On the eve of his murder trial, a routine DNA test has revealed new evidence that may exonerate a Daly City man accused of stabbing his wife to death while the couple’s young children were in the next room.
Biological evidence found on the handle of the murder weapon belongs not to Quincy Norton, who is charged with killing Tamika Mack-Norton in 2006, but to his mistress, said Patricia Fox, Norton’s attorney.
Prosecutors submitted the new evidence Wednesday after obtaining a saliva swab from Anitra Johnson on March 24. Johnson had previously been charged as an accessory in Tamika Mack-Norton’s death, butthose charges were later dropped in a plea deal, according to the District Attorney’s Office.
The new DNA evidence “is an interesting development to say the least. We were aware there was biological material that belonged to a female but that female was unidentified until last week,” Fox said.
Deputy District Attorney Al Giannini said there are no plans to drop charges against Norton or to file charges against Johnson.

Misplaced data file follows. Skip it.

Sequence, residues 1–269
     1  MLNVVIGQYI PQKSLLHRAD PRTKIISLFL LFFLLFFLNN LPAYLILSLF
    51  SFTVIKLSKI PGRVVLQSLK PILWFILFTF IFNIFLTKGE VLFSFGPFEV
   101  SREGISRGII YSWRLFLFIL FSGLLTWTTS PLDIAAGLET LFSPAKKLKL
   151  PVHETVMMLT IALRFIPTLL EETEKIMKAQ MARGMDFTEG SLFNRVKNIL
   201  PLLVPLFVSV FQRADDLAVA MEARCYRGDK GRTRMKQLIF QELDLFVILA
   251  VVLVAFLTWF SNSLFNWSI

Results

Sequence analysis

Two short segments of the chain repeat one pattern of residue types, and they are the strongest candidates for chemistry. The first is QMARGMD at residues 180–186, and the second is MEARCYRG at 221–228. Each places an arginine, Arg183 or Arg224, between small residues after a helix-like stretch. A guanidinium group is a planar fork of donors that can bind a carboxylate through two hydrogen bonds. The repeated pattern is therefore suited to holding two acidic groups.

“I am sure the defense would like everyone to believe this is startling evidence. It is one piece of evidence which needs to be considered in comparison with the rest of the evidence. Our position has not changed and we’re still confident in the charges that are being brought against Mr. Norton,” he said.
Johnson’s DNA was tested simply to eliminate her as a suspect, Giannini said. It was a low priority in the case since prosecutors believed the likelihood of finding the evidence was small, he said.
Prosecutors say Norton fatally stabbed his wife, a 31-year-old registered nurse, in their home on July 22, 2006, after learning Mack-Norton planned to divorce him. After the killing, he allegedly dropped their three children off at a friend’s house before fleeing. He was arrested five weeks later in San Jose. Norton fled after the killing because he feared being jailed again for a crime he did not commit, Fox said.
Johnson, who also has a child with Norton, was suspected to have helped him escape by sheltering him and giving him a car. Charges of aiding and abetting Norton were later dropped in exchange for her no contest plea to two counts of felony check fraud in a separate case.
Norton had also previously abused his wife, prosecutors said. But Fox said his previous domestic violence charge stems from an incident in which Johnson beat Mack-Norton.
Johnson’s attorney, Michael DeVoy, did not return calls for comment by press time. Norton’s case resumes Wednesday with pre-trial motions.